Progress made on alternatives to incarceration, Douglas County commissioners told

Douglas County Jail

Subcommittees of the Douglas County Criminal Justice Coordinating Council are now active, and the one charged with finding alternatives to incarceration is working with county staff on a number of initiatives, Douglas County commissioners were told Wednesday.

Robert Bieniecki, who was hired in August to lead the Coordinating Council, told commissioners that three subcommittees were meeting on their assigned topics — the high representation of people of color in the county’s criminal justice system, the high representation of people of color in the Douglas County Jail, and alternatives to incarceration.

The committees considering the high representation of people of color in the criminal justice system and in the jail were starting their tasks with data collection, Bieniecki said. The subcommittee considering the jail population had a head start because the county corrections department has eight years of significant data to mine.

The subcommittee on alternatives to incarceration got off to a quicker start, in part because of progress on a number of existing initiatives such as a mental health court, a pre-trial monitoring program and house arrest options with electronic monitoring.

The mental health court is on track to start proceedings in 2017, and could serve as many as 30 people in its first year, Bieniecki said. In July, county commissioners agreed to provide $443,000 in the 2017 budget for the program, which will provide for the release of qualifying inmates under the supervision of a case manager, who will actively arrange and monitor their treatment.

The pre-trial monitoring program is designed to allow qualifying low-level offenders to be released while being monitored to ensure that they attend court dates and other court-ordered activities. Bieniecki said the program will have one full-time employee and one employee who will work 90 percent of the time with the monitoring program and 10 percent with the mental health court. He said the program could have an initial case load of 50 to 75 people. Bieniecki illustrated the potential of the program by citing a similar Johnson County initiative, in which the release and monitoring of 600 inmates prevented an overflow population in that county’s 1,085-bed jail.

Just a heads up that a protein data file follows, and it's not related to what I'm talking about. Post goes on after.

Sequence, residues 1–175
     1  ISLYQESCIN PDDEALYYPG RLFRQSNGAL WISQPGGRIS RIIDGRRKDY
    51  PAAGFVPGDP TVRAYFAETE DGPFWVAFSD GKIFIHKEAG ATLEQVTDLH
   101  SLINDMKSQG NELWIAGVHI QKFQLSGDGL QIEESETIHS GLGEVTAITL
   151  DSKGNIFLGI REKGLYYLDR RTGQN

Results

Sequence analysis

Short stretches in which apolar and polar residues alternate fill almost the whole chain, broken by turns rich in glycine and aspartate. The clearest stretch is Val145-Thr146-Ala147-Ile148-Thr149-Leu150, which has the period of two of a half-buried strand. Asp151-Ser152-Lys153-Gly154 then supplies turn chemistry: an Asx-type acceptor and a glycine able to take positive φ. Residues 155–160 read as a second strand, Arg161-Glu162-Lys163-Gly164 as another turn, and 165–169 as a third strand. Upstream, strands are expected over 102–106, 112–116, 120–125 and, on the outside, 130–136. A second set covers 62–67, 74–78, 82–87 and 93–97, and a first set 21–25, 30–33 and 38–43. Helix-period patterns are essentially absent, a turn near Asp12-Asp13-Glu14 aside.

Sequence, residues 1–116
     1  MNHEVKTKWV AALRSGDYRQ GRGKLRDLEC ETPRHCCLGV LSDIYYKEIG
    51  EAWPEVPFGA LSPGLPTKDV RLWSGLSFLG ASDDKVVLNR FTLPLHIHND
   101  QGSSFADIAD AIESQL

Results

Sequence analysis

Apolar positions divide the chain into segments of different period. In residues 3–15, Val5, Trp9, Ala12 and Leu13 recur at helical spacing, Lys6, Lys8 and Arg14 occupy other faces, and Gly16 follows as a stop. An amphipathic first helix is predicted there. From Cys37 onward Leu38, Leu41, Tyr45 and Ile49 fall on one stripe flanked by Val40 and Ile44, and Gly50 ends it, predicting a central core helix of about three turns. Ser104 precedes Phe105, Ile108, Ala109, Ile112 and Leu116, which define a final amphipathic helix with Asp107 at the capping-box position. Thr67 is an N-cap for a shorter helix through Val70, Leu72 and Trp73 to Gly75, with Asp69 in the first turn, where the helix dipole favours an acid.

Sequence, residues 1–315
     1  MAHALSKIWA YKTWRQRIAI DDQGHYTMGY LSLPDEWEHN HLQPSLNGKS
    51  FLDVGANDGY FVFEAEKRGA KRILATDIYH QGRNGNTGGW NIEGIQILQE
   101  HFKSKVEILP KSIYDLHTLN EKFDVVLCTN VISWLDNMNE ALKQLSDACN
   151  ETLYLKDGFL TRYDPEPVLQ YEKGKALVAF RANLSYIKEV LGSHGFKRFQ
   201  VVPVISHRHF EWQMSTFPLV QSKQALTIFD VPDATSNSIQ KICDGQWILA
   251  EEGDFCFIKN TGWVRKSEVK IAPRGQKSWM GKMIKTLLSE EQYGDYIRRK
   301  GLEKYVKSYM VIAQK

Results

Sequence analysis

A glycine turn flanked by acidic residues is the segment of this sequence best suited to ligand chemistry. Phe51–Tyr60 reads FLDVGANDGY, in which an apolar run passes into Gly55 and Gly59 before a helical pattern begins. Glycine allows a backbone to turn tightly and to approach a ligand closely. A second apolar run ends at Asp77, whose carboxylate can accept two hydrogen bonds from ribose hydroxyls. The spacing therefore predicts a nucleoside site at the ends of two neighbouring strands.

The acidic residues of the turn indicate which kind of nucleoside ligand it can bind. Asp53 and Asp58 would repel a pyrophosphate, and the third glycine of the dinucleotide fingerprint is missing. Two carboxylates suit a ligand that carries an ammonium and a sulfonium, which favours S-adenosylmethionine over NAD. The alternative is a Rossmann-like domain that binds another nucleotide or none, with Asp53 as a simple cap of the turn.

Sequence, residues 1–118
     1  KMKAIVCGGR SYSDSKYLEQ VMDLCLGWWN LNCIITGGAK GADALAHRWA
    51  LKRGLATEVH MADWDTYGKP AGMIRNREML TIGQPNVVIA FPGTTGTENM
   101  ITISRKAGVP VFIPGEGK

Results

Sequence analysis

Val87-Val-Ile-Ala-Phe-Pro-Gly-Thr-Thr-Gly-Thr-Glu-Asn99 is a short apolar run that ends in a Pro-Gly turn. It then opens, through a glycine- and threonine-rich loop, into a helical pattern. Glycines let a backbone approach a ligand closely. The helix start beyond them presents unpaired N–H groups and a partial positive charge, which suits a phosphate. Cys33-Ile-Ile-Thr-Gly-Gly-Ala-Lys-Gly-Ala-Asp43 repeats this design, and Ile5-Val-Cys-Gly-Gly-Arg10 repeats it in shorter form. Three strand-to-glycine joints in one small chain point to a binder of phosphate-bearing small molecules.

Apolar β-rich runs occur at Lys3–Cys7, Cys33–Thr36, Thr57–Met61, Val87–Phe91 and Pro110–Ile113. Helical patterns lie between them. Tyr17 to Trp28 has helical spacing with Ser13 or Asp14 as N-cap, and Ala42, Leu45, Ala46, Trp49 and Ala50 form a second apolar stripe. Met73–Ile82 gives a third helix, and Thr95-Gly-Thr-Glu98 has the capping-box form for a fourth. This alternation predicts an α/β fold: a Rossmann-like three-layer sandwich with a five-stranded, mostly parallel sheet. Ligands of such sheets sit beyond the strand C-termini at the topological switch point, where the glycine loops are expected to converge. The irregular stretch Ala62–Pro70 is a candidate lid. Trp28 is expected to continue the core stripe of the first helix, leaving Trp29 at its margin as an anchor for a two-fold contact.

The house-arrest monitoring program could be introduced with the use of electronic monitors for those convicted of low-level DUI offenses, Bieniecki said. It could then be expanded if it proves effective, he said.

Another bed-saving initiative being pursued is an attempt to expedite the journal entry process for inmates who have been convicted of felony crimes in Douglas County District Court. It can take as many as 10 days before the District Court, prosecutors and defense attorneys complete the journal entries required to transfer a convicted person to a state corrections facility. Bieniecki said some jurisdictions can accomplish that in two days.

County Commissioner Mike Gaughan said the initiatives showed that those in the county’s criminal justice system have been proactive in exploring alternatives to incarceration. It was noted at the Coordinating Council’s August retreat that of the 30 best alternatives to incarceration identified nationwide, the county had 20 in place and was working to start five to six more, Gaughan said.